Making the transition to being vegan can be a really rewarding experience. There are many benefits to a vegan lifestyle. But learning how to be vegan has its challenges.
So, whether you’re making the decision to go vegan for your health, for compassion or for the health of the planet, this guide will help make your journey smooth, pleasant and so much easier.
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Decide on a game plan
Some people can just wake up one morning, decide to be vegan and never look back. But if that’s not you, you might want to come up with a plan.
There aren’t any hard rules to going vegan. You can dip your toes in by making vegan meals once in a while to get used to them. Or you can do a challenge where you go vegan for a month.
The trick is just to go at your own pace.
I started my own transition four years ago when I cut out red meat. Then I incorporated meatless days. I went vegan for a while in November 2019 and decided to stay vegetarian for now, with the vegan transition in mind.
Your plan doesn’t have to be precise. It can ebb and flow just as your life does. You’ll know how you want to go about it according to your lifestyle and what’s available to you.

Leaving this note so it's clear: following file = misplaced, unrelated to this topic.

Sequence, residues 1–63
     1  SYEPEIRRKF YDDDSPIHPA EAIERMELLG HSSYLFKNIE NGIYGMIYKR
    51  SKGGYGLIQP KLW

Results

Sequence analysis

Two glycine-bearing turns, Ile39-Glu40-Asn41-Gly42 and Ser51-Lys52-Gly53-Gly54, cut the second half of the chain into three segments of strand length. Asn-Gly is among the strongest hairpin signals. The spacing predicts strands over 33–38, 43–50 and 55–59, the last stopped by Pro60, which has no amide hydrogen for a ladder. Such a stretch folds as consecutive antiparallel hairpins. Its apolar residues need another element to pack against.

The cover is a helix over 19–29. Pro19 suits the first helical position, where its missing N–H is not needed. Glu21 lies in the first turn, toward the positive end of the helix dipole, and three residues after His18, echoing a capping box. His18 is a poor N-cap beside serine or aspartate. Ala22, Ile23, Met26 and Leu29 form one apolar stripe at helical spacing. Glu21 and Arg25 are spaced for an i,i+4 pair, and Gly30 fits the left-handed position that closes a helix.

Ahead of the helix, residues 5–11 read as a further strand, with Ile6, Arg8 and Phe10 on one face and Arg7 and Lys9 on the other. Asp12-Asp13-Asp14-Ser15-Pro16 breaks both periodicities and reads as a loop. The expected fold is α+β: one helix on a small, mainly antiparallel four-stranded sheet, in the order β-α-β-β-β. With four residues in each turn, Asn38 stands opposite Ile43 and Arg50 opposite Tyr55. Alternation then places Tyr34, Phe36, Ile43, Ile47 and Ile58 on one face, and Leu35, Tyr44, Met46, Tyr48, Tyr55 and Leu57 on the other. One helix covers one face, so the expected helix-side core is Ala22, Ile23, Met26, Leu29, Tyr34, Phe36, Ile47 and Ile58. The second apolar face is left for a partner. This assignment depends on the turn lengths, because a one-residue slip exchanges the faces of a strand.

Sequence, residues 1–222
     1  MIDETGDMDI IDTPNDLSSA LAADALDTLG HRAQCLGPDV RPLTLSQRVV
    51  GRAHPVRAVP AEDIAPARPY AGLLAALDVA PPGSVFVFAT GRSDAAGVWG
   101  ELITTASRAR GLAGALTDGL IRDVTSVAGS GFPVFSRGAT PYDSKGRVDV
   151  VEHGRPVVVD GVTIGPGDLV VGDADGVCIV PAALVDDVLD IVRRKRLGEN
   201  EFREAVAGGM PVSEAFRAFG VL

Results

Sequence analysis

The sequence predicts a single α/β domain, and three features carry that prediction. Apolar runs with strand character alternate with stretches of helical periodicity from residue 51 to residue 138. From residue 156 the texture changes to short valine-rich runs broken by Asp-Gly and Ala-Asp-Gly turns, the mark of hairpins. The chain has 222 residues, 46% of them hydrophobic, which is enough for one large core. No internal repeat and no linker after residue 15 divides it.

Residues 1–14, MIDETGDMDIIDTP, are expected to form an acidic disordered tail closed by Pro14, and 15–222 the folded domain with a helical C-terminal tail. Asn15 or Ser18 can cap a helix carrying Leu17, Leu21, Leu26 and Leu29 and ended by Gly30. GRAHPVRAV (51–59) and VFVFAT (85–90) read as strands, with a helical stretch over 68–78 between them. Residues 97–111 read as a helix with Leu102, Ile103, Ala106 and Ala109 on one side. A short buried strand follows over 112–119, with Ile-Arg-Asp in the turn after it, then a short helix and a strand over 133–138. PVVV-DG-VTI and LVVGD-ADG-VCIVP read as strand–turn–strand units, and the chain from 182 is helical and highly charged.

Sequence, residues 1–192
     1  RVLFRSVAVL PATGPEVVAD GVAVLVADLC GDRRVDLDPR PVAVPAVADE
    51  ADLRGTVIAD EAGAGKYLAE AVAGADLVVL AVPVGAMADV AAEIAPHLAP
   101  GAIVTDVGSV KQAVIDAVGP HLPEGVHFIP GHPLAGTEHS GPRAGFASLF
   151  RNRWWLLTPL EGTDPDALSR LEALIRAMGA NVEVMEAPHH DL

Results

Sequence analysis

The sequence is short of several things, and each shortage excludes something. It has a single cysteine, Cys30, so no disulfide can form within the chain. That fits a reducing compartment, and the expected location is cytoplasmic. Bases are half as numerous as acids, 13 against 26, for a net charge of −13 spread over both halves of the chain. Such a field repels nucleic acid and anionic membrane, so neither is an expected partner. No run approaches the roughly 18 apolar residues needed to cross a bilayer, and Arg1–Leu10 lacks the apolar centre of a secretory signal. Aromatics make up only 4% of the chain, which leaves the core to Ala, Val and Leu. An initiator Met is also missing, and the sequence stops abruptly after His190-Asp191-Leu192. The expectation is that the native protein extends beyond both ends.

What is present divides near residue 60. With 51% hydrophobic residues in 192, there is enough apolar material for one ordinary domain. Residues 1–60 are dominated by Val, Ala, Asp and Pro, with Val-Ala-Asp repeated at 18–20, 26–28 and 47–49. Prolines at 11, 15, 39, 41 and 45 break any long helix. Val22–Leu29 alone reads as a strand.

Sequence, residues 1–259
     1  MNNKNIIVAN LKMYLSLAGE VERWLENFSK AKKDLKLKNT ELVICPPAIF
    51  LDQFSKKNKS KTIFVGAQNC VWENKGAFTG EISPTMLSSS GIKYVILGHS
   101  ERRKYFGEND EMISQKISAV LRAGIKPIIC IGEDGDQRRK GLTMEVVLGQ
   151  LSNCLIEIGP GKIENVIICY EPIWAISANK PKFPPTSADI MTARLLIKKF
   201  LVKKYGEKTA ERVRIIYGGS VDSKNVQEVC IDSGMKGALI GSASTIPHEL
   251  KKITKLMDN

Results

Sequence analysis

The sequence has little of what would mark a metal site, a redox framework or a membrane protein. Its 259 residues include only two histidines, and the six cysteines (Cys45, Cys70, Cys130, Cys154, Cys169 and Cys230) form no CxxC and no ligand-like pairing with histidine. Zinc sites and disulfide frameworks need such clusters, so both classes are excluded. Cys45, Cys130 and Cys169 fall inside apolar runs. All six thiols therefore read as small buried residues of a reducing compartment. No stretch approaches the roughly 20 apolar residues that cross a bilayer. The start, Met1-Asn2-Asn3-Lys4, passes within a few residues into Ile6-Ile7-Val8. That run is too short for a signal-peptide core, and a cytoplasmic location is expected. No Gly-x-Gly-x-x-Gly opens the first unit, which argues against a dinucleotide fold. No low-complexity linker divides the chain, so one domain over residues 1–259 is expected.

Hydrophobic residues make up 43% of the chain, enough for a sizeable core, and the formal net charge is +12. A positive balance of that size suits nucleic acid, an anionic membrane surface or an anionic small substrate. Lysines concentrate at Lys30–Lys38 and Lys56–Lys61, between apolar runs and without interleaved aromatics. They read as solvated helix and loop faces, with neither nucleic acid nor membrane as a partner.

When you’ve decided how you want to embark on this journey, you’ll need to do some preparations. Because there are many surprises along the way and you can save yourself a lot of frustration.
Firstly, you need to know what to eat and how it will impact your body. If you’re used to mostly processed foods switching over to a plant-based diet might upset your digestive system with the overload on fiber.
Start slow when introducing more fiber and eat fermented foods to help with processing that fiber.
I recommend you check out Nutriciously’s free nutrition course where you’ll learn exactly what you need to eat, how to stock up your kitchen and the science behind it.
Then you’ll need to make sure you have access to the nutrition you’re going to need.
Make sure you always have a protein-packed snack with you so you don’t get hungry when you’re out and about and have to resort to something super expensive or have no vegan options.
Make the transition easier for yourself
If you’re not used to the textures and flavours of vegan dishes it can be quite overwhelming, especially when paired with meat withdrawal symptoms.
Keep your meals very simple and basic at the beginning. Make sure it includes starch, a protein, fat and some fruits or veggies (fibre). This can be something like olive oil roasted veggies with a side of rice and some roasted chickpeas.
Even baked beans can work if you don’t know what chickpeas are (there are people that don’t). Just make sure that you eat a wide variety of foods to get all the nutrients you need.
If you really don’t like veggies, you can make them taste so much better with spices. A lot of meat spices are vegan (just check the ingredients) so you can still have your favourite spices and flavours on your veggies.